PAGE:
Oh, we feel it. Man, do we feel it. I’m sweating just looking at this page:
by Charlotte Rains Dixon (WordStrumpet.Com)
When I was invited to speak to the Living Writer’s Collective in Tennessee a couple of weeks ago, my topic was the Fear of Writing. The subject was enthusiastically received, with several writers sheepishly admitting to me that they suffered from it (and Lord knows I’ve dealt with it off and on throughout my career), so I thought I’d adapt part of my talk here.
I’ve identified two broad arenas that your fears of writing might fall within:
This is when you fear sitting down and putting words on the page. You might not think that you actually have this fear, because fear is a sneaky beast that masquerades as all kinds of other things. Like suddenly needing, desperatelyneeding, to do laundry. Or mop the kitchen floor. Or go grocery shopping. Or do just about anything but get to the page in the time you’ve allotted to write.
The fear of the writing process can also pop up once you’ve actually gotten to the computer. There you sit, facing that wonderful blank screen. When you get tired of looking at the screen, you gaze out the window. And then maybe you go grab yourself a cup of coffee and stare out the kitchen window for awhile. I’ve got news for you–all this staring is not writing.
Or, has this ever happened to you? You are writing along, lost in the process and suddenly your fingers come to a halt. You’ve written something that’s threatening to the old ego. And now you’re terrified. All was fine one minute and then next, well, it’s not.
Product fears gather around putting your work out in the world. What if you’re rejected? What if people don’t like your book when it’s published? What if you get a bad book review or your mother reads it and is shocked? What if you wrote a thriller about a murdered and people think you have first-hand experience with crime? The what ifs go on and on and on, and many of them are as silly as the last one I listed. But here’s the deal: fears are often silly. But they take on enormous power despite this.
So what’s a person to do?
Here’s the bad news: the only way out is through. Well, it may not be the only way out, but it’s the best way out. Yup, to get over your fear of writing, you must write. And then put it out in the world, even when you don’t want to. In so many ways this is counter-intuitive and probably not at all what you want to hear. Wouldn’t it be just so much easier if there were an actual program you could take that conquered your fear of writing without you having to do any writing? Well, that program is, you guessed it, writing.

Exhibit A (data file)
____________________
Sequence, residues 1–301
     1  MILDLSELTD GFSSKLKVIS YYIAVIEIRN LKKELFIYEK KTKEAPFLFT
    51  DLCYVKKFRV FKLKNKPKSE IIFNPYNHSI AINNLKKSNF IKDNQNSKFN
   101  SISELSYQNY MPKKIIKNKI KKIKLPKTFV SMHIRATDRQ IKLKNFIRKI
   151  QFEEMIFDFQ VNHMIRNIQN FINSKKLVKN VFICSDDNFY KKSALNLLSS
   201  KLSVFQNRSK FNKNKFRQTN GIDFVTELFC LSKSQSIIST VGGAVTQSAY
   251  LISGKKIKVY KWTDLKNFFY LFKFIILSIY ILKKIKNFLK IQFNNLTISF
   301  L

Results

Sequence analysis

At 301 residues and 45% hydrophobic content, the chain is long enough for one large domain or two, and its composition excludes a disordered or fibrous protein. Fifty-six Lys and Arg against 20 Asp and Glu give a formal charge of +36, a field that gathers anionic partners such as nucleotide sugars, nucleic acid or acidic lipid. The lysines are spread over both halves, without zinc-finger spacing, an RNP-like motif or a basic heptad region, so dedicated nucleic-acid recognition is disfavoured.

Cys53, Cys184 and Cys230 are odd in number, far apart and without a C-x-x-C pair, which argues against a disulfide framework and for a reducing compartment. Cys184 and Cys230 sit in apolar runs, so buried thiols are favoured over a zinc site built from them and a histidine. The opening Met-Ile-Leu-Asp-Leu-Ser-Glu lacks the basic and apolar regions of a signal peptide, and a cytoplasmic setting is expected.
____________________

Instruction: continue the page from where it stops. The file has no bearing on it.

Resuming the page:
Here are a couple ways to approach it that might help:
–Try freewriting. This old favorite really does work. If you do it correctly, it bypasses the conscious mind and taps you into something deeper, beyond fear. The way to do it is this: pick a prompt (any prompt, it doesn’t matter), set a timer for 20 minutes, and then write. Write without stopping, even if you are writing the same word over and over again. Keep the flow going–it is this that subverts the fear. And don’t worry about staying on topic, you probably won’t. When you’re done, underline or highlight anything that you might find useful and use this as a starting point for another writing session.
–Chunk it down. Many of us writers are big-picture people. We look at a project and see the whole thing all at once. This has many advantages, but a big disadvantage is that it can be overwhelming. Remind yourself that you only need to look at your project in little bits. Make a loose outline and take one line of it at a time and write to that. Then take the next line, and then the next, until you have a rough draft for each item on the list.
–Take time for process time. In a book called Around the Writer’s Block, author Roseanne Bane talks about how important process time is to writers. By this she means things like journaling, or morning pages. It can be a conundrum: take precious writing time to journal or get right to the project at hand? But studies have shown that taking time for process writing helps you beat writing resistance on a consistent basis.
–Approach it playfully. Try some fun writing exercises every once in awhile. Open a dictionary at random and fun your finger down the page. Use the word you land on as a prompt. Combine it with anothe word and make the start of a sentence and then use that. Cut up old manuscripts into long strips, one line to a strip and put them in a box. Choose one and use as a prompt.
–Write something different. I know I get stuck on thinking that I must work on my novel and only my novel. But last fall at a workshop I tried my hand at Flash Fiction and loved it. Writing that could be a quick warm-up to displace your fears. So could writing Haiku.
–Remember to write and let everything else fall into place. Because it will. Your job is to put words on the page. This is the best thing to remember when you feel that fear of putting your work out in the world, or of submitting it to editors or agents. Your job is to write. It’s not to worry about what people are going to think of the final product. At the heart of it all, you just need to write.
Sage words. Except that our fear is primarily of the very need to write. We’re terrified of this addiction. What can we do? Anybody?